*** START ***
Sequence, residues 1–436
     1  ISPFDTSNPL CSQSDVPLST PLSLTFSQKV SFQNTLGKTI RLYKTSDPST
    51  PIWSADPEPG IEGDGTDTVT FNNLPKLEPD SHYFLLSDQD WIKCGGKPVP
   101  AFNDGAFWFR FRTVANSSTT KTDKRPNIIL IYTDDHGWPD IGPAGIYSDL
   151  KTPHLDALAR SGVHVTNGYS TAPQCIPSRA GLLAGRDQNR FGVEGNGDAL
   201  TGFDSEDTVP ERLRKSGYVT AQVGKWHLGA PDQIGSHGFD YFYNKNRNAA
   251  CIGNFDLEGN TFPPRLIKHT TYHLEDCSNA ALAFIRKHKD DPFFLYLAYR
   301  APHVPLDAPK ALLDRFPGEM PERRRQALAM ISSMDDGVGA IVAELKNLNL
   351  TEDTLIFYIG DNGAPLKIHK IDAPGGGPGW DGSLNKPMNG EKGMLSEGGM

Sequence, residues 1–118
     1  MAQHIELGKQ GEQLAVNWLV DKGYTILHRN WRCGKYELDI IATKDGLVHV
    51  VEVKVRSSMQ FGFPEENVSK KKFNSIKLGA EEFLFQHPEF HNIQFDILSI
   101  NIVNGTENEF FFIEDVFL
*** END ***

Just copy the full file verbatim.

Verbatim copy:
Sequence, residues 1–436
     1  ISPFDTSNPL CSQSDVPLST PLSLTFSQKV SFQNTLGKTI RLYKTSDPST
    51  PIWSADPEPG IEGDGTDTVT FNNLPKLEPD SHYFLLSDQD WIKCGGKPVP
   101  AFNDGAFWFR FRTVANSSTT KTDKRPNIIL IYTDDHGWPD IGPAGIYSDL
   151  KTPHLDALAR SGVHVTNGYS TAPQCIPSRA GLLAGRDQNR FGVEGNGDAL
   201  TGFDSEDTVP ERLRKSGYVT AQVGKWHLGA PDQIGSHGFD YFYNKNRNAA
   251  CIGNFDLEGN TFPPRLIKHT TYHLEDCSNA ALAFIRKHKD DPFFLYLAYR
   301  APHVPLDAPK ALLDRFPGEM PERRRQALAM ISSMDDGVGA IVAELKNLNL
   351  TEDTLIFYIG DNGAPLKIHK IDAPGGGPGW DGSLNKPMNG EKGMLSEGGM

Sequence, residues 1–118
     1  MAQHIELGKQ GEQLAVNWLV DKGYTILHRN WRCGKYELDI IATKDGLVHV
    51  VEVKVRSSMQ FGFPEENVSK KKFNSIKLGA EEFLFQHPEF HNIQFDILSI
   101  NIVNGTENEF FFIEDVFL